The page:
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Icing OperationsBack of Orred's house. Icehouse was on the lake shore.

In the early 1900s, there was no electric refrigeration. Therefore, ice had to be used for cooling purposes. In this region, the Western Fruit Express Company and the Great Northern Railroad harvested ice on Green Lake, loaded it into boxcars, and shipped it to Willmar and other points west. Western Fruit had a large icehouse on the east side of the railroad yard in Willmar. Ice was used to cool boxcars hauling fruit and food- stuffs that would otherwise spoil. Ice was used on the Empire Builder, a passenger train, for refrigeration and for drinking water. According to an article in the "West Central Minnesota Daily Tribune" of Willmar for January 3, 1957,Western Fruit was still harvesting ice annually from Green Lake. The harvest that season began on December 28, 1956, and was scheduled to be completed in about two weeks "with favorable weather conditions." That year the Western Fruit Express Company loaded about 500 boxcars, each car containing 160 cakes of ice weighing 350 pounds each, for a total of 56,000 pounds in each car. Most of that ice was "used at Willmar for refrigeration of fruits and perishables that pass through the yards" and at such northwest area points as Superior, St. Cloud, and Nechi, North Dakota, to name a few. Later information revealed that on June 6, 1961, Western Fruit's buildings were demolished and removed, thus ending their ice harvesting.

One of the first ice cutting businesses locally was Downs and Nelson of Spicer. Dan Downs and Jack Nelson operated the dray and ice business. During midwinter, using manual labor and horses, they cut huge cakes of ice, pushed them up wooden planks with long hooks, placed them on a sled, and hauled them to their ice house next to the livery stable. Downs and Nelson painstakingly placed the ice blocks side by side in the icehouse and covered each layer with several layers of sawdust. This time-consuming process stored and preserved the ice for summer use.

Engwalls filling the icehouse.

Many years later, in 1987, Nelson's daughters - Genevieve Nelson Anderson and Duaine Nelson Besser - recalled this ice harvesting, as well as memories of the summer deliveries. They remembered how "...the ice wagon was pulled by horses to make deliveries. As children, we often rode along, holding the reins of the horses as our father carried the ice to the business places, homes, and cottages in Spicer and around Green Lake for use in ice boxes." The Engwall brothers, Carl and Arvid, bought the dray and ice business in Spicer from Downs and Nelson in the mid-thirties and continued the ice harvesting until 1971.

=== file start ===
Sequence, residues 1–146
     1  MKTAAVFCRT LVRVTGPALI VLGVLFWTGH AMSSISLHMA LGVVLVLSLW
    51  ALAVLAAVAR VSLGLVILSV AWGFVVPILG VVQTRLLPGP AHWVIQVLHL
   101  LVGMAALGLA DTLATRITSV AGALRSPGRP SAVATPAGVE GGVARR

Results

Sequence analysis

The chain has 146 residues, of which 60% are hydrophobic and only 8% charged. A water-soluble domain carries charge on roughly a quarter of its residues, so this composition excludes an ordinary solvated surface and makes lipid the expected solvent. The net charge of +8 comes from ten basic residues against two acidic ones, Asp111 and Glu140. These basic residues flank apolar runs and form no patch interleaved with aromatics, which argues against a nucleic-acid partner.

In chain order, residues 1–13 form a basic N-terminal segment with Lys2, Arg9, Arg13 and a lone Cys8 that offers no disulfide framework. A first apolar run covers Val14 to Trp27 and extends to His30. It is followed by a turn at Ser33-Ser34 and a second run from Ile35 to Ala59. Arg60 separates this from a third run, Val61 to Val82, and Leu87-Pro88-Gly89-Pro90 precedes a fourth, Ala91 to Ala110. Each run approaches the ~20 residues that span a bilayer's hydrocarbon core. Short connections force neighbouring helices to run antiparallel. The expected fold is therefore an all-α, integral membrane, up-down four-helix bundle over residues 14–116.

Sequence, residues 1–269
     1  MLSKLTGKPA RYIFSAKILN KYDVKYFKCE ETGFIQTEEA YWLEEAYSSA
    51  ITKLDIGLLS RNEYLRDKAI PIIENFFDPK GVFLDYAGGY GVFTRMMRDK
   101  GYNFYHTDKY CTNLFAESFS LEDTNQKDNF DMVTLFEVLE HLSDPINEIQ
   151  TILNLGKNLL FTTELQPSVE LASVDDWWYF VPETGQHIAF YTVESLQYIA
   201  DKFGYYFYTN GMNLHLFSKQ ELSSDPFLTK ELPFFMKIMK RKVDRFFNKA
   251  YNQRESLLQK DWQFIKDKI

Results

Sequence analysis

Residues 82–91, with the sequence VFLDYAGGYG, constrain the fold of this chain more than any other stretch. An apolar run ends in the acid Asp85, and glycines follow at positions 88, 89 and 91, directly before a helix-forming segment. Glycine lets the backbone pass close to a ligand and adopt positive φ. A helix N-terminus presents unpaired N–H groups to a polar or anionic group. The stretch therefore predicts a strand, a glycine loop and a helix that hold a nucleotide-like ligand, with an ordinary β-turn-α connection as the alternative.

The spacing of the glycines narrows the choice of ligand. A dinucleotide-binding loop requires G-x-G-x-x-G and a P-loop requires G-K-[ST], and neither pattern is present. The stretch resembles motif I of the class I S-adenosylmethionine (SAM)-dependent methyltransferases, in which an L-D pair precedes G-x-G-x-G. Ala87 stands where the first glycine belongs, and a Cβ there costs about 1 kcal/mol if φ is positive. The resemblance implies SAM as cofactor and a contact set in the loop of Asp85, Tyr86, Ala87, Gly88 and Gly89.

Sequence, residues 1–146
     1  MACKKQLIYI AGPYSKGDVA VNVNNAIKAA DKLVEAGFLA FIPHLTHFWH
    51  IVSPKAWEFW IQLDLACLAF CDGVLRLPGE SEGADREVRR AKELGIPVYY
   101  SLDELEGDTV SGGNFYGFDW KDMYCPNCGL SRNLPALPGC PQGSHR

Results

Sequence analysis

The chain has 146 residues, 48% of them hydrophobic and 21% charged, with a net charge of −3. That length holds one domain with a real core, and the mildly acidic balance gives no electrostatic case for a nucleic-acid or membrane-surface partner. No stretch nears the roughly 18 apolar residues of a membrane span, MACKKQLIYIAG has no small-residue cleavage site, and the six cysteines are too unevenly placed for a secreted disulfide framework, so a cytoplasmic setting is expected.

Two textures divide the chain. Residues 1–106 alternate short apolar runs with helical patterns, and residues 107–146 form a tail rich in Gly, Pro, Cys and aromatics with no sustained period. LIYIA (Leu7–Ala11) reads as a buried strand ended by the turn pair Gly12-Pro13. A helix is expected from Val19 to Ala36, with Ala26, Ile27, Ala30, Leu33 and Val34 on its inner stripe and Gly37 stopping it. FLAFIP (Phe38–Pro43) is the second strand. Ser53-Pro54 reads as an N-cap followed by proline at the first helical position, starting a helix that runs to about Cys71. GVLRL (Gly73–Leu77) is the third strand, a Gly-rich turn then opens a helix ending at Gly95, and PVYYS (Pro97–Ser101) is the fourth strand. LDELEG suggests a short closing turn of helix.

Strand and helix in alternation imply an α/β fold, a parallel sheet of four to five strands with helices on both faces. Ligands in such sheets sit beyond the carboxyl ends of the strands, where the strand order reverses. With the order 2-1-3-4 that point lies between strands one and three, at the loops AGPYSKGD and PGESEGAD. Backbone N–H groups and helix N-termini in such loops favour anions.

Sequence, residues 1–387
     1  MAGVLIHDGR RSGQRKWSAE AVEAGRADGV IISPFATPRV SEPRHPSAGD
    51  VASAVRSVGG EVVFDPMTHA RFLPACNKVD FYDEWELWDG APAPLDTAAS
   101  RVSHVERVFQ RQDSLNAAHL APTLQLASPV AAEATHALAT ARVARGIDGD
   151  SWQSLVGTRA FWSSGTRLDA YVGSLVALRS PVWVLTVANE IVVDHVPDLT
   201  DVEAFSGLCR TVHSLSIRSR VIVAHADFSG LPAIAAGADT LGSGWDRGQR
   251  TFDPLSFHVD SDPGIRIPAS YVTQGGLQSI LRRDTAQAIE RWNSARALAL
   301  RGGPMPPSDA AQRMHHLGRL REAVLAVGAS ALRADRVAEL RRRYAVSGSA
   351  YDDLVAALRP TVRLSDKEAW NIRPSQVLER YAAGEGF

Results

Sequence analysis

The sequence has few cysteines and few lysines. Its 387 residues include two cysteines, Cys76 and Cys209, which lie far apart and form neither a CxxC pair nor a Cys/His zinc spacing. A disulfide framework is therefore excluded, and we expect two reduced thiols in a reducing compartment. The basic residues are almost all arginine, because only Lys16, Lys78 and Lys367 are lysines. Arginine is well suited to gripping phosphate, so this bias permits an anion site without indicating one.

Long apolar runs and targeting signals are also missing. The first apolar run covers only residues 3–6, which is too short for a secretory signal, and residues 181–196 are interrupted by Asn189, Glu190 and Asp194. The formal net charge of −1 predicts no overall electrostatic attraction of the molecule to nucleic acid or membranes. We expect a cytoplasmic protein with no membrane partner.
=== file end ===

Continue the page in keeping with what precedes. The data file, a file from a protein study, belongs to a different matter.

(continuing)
Carl Engwall's memories of the ice business and its importance go back a long way: "The first I knew there was ice used for refrigeration was in Pennock, Minnesota. My father, Peter Engwall, had a meat market there and needed ice to keep his meat cold. It came in boxcars on the railroad. How it got there I did not know. The next time I knew about ice used for refrigeration was when Father used it in his meat market in Willmar. Where it came from and how it got there I did not know. The third time I got acquainted with ice came a few years later. Father had a meat market in Kandiyohi, and I was working during the summer months on a farm south of Kandiyohi. Fall came, and Father said, 'I am going to make a butcher out of you, Carl.' So instead of going to school, I began learning the meat trade. This is where icing took over my life."

Arvid Engwall bought a meat market and grocery store in Spicer in 1931. The first few years Arvid and Carl bought ice from Downs and Nelson. It became Carl's job to get the blocks out of an icehouse behind the market and put them in a chamber above the cooler. Ten cakes, each weighing about 300 pounds, were needed.

When the Engwalls bought the dray line from Downs and Nelson, the brothers had to put up their own ice, using the old machinery that went with the business. The next summer, while Peter Engwall and his wife and Arvid's and Carl's wives ran the meat business, the two brothers and the local blacksmith put together a new loading-machine and saw.